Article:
Three new Advocate Press books slated for release in November

Three books of interest to United Methodists in South Carolina are planned for release this November, and two more are on their heels in early December.

Set to be released by the Advocate Press, which is the Advocate newspaper’s book-publishing arm, the books are “varied and strong,” said Advocate Editor Jessica Brodie.

They include “Faith in Action: Stories of Salkehatchie Summer Service,” compiled by the Rev. John Wesley Culp Jr.; “What I Have Come to Believe,” a spiritual reflection by the Rev. Arthur H. Holt, and “Walk with Me: Your Spiritual Esteem Journey,” by the Rev. Cathy Joens and Toni Taylor.

“All three books are different but excellent,” Brodie said. “We’re excited to see them reach publication.”

The Salkehatchie book contains stories written by Salkehatchie volunteers from the ministry’s early days. Founded by Culp, Salkehatchie started in 1978 and continues every summer, with the exception of the last two years because of COVID-19. Registration starts soon for the 2022 season, and ministry leaders hope the stories will inspire and encourage a new generation of students to come alongside seasoned adults to repair homes in some of South Carolina’s most poverty-stricken communities. Many of the people who wrote the stories were teens when they volunteered and now are doctors, lawyers, advocates and other key leaders in their field; Culp said one is even a diplomat stationed at the United States Embassy in Italy.

Holt’s book is a reflection from the retired longtime pastor about his spiritual journey, exploring how his theology has changed over the years from conservative evangelical to theological liberal. As the book asks, “Are you wavering in some of your theological convictions? Have you given faith the boot from your life, believing it has no place in our modern scientific world? Or are you confused about how to reconcile what you read in Scripture with the “love all” model Jesus Christ offers in his own life?” Holt hopes his reflections—on everything from abortion, science, sexuality, and the End Times to sin, the spirit, and the Bible—will help others in their own faith journey.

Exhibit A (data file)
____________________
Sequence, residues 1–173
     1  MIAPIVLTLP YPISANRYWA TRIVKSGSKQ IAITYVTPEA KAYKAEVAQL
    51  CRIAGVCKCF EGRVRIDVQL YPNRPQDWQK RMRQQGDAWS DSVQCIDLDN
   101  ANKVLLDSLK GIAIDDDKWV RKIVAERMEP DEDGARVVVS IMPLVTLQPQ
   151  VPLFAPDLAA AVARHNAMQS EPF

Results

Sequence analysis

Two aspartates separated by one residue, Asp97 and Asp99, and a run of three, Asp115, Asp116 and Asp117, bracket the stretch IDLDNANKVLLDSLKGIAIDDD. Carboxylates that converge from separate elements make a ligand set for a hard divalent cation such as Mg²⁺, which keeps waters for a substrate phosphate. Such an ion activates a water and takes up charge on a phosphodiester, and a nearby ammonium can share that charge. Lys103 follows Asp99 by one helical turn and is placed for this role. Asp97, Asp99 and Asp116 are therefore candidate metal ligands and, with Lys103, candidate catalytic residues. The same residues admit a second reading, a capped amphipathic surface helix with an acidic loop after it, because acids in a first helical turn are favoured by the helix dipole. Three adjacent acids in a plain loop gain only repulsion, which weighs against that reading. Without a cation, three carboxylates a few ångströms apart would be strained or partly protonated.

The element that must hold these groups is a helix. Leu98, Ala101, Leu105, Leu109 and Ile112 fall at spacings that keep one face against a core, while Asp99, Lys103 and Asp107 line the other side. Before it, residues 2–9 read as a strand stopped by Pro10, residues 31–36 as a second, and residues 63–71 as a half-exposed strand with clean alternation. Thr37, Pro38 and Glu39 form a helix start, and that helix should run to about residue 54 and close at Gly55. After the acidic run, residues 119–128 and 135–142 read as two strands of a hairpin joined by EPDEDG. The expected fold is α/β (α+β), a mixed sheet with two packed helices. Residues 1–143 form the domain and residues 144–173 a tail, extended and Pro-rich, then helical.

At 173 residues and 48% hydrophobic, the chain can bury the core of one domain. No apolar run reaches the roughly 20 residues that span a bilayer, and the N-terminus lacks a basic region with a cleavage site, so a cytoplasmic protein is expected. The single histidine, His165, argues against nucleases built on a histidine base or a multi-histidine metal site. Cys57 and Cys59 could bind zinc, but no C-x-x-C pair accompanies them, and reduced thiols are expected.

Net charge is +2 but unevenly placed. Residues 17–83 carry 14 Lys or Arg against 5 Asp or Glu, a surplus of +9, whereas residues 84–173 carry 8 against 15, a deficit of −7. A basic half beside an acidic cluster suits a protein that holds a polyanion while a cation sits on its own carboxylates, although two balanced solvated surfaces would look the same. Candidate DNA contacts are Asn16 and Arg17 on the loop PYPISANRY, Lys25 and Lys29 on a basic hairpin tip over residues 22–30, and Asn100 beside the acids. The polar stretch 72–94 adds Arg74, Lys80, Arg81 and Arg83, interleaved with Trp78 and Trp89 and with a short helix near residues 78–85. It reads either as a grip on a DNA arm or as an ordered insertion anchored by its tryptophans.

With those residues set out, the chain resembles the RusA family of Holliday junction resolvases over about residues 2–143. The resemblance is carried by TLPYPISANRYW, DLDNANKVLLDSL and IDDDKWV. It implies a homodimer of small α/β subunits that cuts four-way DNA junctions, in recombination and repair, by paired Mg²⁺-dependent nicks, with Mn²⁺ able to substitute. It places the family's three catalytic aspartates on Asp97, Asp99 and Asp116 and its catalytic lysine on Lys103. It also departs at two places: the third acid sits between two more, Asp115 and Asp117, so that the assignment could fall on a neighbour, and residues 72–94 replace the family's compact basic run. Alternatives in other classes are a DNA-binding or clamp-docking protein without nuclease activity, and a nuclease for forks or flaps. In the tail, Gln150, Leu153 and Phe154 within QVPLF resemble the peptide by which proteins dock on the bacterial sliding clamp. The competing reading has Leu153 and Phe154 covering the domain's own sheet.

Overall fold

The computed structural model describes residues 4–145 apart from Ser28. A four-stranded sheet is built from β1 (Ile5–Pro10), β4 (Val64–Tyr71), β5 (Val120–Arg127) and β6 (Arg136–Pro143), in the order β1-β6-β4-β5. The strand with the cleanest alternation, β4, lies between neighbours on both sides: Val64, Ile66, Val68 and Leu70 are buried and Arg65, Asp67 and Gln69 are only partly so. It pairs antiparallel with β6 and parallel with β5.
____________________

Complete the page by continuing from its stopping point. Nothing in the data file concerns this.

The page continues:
And Joens and Taylor’s “Walk with Me” is a fascinating exploration of the messy journey of living out our faith, helping readers dive into the concept of spiritual esteem, gain confidence in their relationship with God and discover how the Lord perfectly equips people with all they need to serve and lead—no perfectionism required. It asks important questions such as: What are we waiting for? What do we need to give us the confidence to lead in the church? Are we holding out for a self-help book called, “Get Over It and Lead in the Church?” Or are we waiting for a 10-step program or course that provides us a certificate that proclaims we are now equipped to lead in our church? These don’t exist. As the introduction explains, “This book is about having the vulnerability to be in an authentic relationship with God, with yourself, and with others. This authentic relationship fuels the courage to show up, lean in and reach out to people even when you have no idea of the outcome. It calls for courage to be there for someone who needs you and risk what is beyond your control.”

The books will be released in November. Check for updates and preorders.

The Advocate has two more books slated for publication before the end of the year: a poetry collection by Stephon C. Void, “From My Heart to Your Eyes: Poems of Faith and Social Justice,” and a devotional for youth, “Who Am I?” by Cindy Barrineau Curtis. More information will come on these books in the next edition of the Advocate.

Get Periodic Updates from the Advocate We never sell or share your information. You can unsubscribe from receiving our emails at any time.